Coming upon my soon-to-be last semester at North Dakota State University, it’s got me thinking all nostalgic. I think back to simpler times and fond summer memories. Back to not having to worry about jobs to pay bills and the highlight of the day was watching a new episode of “Dragon Tales” (My siblings and I were not “#blessed” with cable TV). Our greatest triumphs included successfully finding the “perfect” hiding place in the back of the freezer for the last Schwann’s ice cream bar. However, this sometimes became our biggest tragedy when we unfortunately discovered that our sibling had also found the same “perfect” hiding place. But moving on…
I think it’s safe to say that growing up on our family’s small dairy farm in southeast Minnesota gave my siblings and I some interesting summers. Growing up as “farm kids”, every day was a new adventure. The farm was our playground and my sister, brother, and I, the three Musketeers who were always on the search of that next adventure.
With our crazy hair, dirty hands, and knee-high muck boots, we would tear around our family’s small farm almost every single day in the summer. Often, it consisted helping Dad and Grandpa with various chores like watching the gate, watching another one, and watching yet another gate to make sure no cows, heifers, or steers got out. Although, as we got older, more jobs included unloading hay bales (always on the hottest days of the year I might add), help Grandpa with calf feeding chores, and picking endless amounts of rock in the field (I swear, if we had gotten a nickel for all the rocks we had to pick every year, we’d be billionaires!)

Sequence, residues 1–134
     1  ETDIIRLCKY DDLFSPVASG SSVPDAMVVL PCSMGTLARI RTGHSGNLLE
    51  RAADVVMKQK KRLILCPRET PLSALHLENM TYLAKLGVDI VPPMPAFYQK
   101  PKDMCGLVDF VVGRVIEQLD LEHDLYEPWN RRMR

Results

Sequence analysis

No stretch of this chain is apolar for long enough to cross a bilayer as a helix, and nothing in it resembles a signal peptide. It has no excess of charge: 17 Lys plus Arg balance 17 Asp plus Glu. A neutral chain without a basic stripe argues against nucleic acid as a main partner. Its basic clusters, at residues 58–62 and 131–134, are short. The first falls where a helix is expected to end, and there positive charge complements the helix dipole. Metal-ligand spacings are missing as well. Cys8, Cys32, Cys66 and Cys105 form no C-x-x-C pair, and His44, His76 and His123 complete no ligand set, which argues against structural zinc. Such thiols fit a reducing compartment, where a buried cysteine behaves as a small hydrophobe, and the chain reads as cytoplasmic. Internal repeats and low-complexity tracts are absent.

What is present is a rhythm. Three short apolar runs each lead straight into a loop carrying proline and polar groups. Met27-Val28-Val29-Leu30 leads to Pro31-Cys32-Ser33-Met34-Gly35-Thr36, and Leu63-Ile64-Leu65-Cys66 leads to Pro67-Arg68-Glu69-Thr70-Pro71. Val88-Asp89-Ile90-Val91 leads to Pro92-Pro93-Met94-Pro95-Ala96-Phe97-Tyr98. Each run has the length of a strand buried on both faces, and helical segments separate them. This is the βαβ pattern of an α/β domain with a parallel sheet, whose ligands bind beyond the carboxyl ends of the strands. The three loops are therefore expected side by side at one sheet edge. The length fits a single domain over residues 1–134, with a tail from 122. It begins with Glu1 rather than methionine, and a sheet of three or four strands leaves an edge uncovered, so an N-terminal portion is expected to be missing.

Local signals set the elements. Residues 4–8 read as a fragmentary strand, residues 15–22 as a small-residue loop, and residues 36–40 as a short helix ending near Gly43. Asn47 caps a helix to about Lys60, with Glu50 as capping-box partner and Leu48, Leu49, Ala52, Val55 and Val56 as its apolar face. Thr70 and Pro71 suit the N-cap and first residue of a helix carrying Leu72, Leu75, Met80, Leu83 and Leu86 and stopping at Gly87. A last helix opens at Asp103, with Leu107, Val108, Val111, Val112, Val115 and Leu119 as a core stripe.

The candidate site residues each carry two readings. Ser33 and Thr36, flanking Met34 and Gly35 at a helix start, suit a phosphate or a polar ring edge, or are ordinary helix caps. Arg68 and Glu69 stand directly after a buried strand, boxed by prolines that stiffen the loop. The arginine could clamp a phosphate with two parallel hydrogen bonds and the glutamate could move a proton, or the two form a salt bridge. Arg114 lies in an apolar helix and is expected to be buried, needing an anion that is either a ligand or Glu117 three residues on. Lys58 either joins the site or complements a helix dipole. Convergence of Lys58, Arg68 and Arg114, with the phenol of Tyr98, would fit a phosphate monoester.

But before those extra responsibilities were bestowed upon us and when we weren’t having a “grand ‘ol time” watching gates, we tamed the wild kittens around the farm and picked out personal favorites before anyone else claimed the cute gray one as their own. After playing with the kittens got boring, we would climb up the hay bales in our hay barn to our “fort” where we stashed Ziploc bags full of treats (mostly consisting of honey nut cheerios) and we played “house”. Amid the hottest summer days, we were mostly found running around the feed bunk of the milk cows where the water sprinklers were to keep the cows cool. Who needed to go to a crowded pool when you could just run amongst bovines under some sprinklers?
As days got shorter and summer drew to the end, the county fair approached. Instead of chasing kittens around, we were chasing heifers to catch and hopefully by the grace of God, show them at the fair. This annual “rodeo” of sorts consisted of lots of bumps, bruises, complaining, and some cussing here and there. But among all the washing, clipping, and training our heifers, there was also a lot of laughs and good times generously sprinkled in.
I could go on reminiscing about the glamorous times the Kruger kids had in the summer like all the times we played bike tag (think a combination of tag and bumper cars and you get the picture) or having water fights in the milking parlor while Dad attempted to finish milking before he got drenched too, but I’ll leave that for another time perhaps. For now, I just go on remembering the summer of my youth and hope you all have a great rest of your summer.